Concise, critical reviews of books, exhibitions, and projects in all areas and periods of art history and visual studies
April 17, 2007
Holly Flora Cimabue and Early Italian Devotional Painting Exh. cat. New York: The Frick Collection, 2006. 52 pp.; 42 color ills.; 1 b/w ills. $15.95 (001912114339)
Exhibition schedule: Frick Collection, New York, October 3–December 31, 2006
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Cenni di Pepo called Cimabue. The Flagellation of Christ (ca. 1280). Tempera on poplar panel. 9 3/4 x 7 7/8 in. (24.7 x 20 cm). The Frick Collection, New York.

Over the last few years, our knowledge of Tuscan painting in the late duecento has expanded considerably. In Siena, the recent unveiling of frescoes in the crypt of the cathedral has challenged our assumptions about late medieval Italian art. Previously unknown panel paintings have come to light as well, among them a dazzling small panel of the Enthroned Virgin and Child, recently acquired from a private collection by the National Gallery in London, and attributed to Cimabue by the National Gallery’s curator of early Italian art, Dillian Gordon. Gordon went on to associate the new acquisition with the closely related Flagellation in the Frick Collection—its authorship the subject of much debate by an earlier generation of scholars, and still uncertain until that point. She not only argued convincingly that the two panels were by the same hand, but suggested that the two were once part of the same ensemble (Apollo 157 (2003), 32–36).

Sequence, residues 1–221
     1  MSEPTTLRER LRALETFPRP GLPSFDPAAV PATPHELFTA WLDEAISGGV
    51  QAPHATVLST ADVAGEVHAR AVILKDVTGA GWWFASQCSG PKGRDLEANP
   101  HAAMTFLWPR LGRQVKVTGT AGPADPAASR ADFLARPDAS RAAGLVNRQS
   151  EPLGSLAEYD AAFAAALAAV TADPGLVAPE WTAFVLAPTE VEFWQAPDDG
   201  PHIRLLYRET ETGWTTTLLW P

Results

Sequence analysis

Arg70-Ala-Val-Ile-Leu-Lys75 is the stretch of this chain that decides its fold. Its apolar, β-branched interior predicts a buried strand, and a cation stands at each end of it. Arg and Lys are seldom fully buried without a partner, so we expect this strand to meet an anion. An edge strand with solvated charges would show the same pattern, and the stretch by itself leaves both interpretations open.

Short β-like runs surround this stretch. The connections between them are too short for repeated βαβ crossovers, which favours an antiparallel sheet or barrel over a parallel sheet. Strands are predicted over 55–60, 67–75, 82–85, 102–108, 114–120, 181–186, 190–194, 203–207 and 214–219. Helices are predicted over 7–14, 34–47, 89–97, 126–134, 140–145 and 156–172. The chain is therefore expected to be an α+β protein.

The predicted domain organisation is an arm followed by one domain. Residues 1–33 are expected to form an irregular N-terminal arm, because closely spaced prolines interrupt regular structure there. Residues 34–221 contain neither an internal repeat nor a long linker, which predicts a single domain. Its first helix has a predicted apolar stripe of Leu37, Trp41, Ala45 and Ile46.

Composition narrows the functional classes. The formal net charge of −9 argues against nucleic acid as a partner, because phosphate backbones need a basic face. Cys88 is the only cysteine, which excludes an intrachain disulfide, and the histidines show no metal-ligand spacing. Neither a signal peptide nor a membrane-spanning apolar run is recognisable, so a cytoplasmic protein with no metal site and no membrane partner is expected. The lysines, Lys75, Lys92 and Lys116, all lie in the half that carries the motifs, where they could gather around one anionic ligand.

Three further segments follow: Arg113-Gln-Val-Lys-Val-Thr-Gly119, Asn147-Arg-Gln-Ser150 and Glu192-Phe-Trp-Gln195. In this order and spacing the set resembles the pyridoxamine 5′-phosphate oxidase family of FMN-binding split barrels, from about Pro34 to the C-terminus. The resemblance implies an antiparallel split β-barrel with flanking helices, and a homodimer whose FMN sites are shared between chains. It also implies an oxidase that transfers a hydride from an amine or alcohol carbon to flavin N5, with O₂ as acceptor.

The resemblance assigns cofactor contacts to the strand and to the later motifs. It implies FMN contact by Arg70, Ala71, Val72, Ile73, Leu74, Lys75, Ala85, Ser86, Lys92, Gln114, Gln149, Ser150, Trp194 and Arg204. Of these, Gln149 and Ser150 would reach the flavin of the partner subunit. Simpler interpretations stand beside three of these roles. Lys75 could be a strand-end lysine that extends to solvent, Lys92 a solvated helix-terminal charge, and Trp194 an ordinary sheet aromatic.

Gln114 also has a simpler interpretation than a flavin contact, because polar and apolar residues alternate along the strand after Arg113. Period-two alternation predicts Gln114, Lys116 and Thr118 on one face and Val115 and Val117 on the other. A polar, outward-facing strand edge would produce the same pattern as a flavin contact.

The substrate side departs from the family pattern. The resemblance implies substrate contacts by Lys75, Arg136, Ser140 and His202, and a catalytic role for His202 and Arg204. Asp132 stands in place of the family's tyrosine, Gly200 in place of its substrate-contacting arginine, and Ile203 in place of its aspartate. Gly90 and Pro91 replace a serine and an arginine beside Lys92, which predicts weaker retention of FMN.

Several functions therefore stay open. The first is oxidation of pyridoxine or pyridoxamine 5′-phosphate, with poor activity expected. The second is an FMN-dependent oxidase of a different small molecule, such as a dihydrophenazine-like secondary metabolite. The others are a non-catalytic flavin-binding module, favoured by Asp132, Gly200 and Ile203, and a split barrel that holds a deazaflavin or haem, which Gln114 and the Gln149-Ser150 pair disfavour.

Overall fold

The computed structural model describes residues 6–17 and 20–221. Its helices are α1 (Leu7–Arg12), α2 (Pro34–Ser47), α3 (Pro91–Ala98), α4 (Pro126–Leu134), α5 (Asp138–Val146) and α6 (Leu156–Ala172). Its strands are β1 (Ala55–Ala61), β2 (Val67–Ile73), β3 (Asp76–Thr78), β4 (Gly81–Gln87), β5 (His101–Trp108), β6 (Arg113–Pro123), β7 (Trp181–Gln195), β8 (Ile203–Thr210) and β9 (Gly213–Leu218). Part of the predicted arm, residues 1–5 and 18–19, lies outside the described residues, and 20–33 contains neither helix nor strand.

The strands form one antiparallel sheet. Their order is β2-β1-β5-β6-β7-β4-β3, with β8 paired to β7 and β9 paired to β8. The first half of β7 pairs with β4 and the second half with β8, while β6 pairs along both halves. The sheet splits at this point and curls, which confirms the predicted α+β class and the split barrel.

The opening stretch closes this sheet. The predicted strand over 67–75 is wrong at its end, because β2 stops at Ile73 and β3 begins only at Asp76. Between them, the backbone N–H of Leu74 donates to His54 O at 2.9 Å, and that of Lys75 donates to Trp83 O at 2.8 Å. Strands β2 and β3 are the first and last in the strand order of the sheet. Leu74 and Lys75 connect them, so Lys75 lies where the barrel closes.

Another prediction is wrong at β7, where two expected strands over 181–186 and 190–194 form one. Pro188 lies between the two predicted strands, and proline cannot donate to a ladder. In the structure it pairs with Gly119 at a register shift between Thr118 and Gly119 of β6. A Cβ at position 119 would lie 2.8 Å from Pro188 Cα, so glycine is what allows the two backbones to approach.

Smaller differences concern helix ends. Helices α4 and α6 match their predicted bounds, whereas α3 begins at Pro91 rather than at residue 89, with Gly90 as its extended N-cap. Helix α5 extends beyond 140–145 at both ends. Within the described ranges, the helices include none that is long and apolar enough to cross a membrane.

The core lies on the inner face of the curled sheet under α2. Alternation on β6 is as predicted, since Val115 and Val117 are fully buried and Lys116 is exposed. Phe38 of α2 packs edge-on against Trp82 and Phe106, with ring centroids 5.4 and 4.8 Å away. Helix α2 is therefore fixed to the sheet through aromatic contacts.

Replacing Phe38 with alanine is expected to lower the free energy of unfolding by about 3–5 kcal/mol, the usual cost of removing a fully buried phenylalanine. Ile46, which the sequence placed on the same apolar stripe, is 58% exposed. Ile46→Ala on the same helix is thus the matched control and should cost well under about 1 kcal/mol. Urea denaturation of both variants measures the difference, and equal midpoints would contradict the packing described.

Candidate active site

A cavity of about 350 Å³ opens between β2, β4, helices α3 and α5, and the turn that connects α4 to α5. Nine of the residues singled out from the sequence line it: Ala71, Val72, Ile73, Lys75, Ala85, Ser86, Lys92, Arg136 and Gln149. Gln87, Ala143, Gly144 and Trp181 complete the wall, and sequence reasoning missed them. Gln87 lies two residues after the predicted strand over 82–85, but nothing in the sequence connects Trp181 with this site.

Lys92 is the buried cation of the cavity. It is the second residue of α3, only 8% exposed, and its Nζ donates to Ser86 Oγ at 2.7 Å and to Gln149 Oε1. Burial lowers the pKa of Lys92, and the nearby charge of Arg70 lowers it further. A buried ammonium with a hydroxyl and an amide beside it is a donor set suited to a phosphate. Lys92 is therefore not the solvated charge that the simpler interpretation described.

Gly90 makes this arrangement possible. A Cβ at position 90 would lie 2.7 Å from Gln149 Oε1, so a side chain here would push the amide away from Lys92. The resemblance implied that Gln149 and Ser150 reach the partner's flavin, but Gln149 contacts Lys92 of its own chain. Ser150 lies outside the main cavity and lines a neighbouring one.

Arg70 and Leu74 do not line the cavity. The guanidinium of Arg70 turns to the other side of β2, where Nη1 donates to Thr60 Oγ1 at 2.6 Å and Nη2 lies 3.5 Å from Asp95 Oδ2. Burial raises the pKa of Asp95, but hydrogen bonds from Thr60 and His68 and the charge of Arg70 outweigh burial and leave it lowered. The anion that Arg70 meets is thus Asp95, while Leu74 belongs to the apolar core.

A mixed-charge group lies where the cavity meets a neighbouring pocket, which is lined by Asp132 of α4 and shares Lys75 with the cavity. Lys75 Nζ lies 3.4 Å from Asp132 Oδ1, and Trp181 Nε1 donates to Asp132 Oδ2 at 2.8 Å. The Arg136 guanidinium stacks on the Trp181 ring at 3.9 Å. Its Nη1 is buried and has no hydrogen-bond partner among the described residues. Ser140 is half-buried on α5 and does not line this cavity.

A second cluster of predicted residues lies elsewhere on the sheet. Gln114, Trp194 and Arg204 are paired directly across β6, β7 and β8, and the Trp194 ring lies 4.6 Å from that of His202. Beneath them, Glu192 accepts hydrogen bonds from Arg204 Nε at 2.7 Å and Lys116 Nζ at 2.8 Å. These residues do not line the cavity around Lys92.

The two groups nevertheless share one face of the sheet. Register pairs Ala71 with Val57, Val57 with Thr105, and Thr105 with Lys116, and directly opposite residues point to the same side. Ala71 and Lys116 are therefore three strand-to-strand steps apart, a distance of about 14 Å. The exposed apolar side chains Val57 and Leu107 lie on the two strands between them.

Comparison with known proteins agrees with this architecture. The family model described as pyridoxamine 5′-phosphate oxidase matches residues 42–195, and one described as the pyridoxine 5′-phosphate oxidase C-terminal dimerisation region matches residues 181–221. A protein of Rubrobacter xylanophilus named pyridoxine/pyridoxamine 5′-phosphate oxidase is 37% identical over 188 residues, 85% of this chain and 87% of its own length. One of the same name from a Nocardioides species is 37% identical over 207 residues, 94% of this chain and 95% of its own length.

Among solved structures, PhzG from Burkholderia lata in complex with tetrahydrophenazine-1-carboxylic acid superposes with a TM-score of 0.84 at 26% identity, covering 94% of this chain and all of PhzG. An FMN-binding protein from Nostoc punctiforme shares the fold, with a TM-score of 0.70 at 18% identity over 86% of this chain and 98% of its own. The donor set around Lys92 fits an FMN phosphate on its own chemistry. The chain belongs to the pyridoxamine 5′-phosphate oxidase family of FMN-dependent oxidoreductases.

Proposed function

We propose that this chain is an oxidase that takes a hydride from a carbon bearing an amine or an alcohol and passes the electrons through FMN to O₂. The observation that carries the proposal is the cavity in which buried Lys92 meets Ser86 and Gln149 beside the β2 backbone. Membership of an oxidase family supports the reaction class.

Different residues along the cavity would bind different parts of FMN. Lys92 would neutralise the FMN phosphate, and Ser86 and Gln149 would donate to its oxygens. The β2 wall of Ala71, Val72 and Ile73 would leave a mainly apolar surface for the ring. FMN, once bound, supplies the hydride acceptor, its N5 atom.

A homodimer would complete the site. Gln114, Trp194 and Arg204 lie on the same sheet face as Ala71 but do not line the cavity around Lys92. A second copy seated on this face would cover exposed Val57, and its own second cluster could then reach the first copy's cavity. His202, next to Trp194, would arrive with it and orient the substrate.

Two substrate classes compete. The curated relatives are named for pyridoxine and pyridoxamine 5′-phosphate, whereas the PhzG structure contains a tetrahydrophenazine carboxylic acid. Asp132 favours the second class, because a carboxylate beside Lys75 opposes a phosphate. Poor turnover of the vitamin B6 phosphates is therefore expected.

The two panels were exhibited together, first (March–June, 2005) at the Museo di San Matteo in Pisa, then in London at the National Gallery (October 2005–January 2006); it was only this fall that they were displayed together in the United States. Holly Flora, then an Andrew W. Mellon Curatorial Fellow at the Frick and now curator at the Museum of Biblical Art in New York, organized the small exhibition that united—or reunited—the two. In addition to the two Cimabue panels, the exhibition included thoughtfully chosen works from New York public collections: two Florentine panel paintings from the Metropolitan Museum of Art (a small triptych by the Magdalen Master, probably from the third quarter of the duecento, and a similarly scaled diptych by Pacino di Bonaguida from the early trecento), four folios from a manuscript by Pacino in the Morgan Library, and an Umbrian reliquary diptych also from the Met. Though the exhibition has now closed, a well-illustrated catalogue provides some sense of its aims and scope. The catalogue includes Rachel Billinge’s succinct discussion of the relevant technical matters and a longer essay by Flora that offers a salient account of all the relevant aspects of the exhibition: a history of the Frick panel, an overview of Cimabue’s oeuvre, a discussion of Helen Clay Frick’s patronage of early Italian painting, an account of the discovery of the National Gallery panel, a consideration of the original context of the two panels, a discussion of Franciscan devotional thought and practice, and a more focused exploration of the two panels’ iconographic and devotional contexts.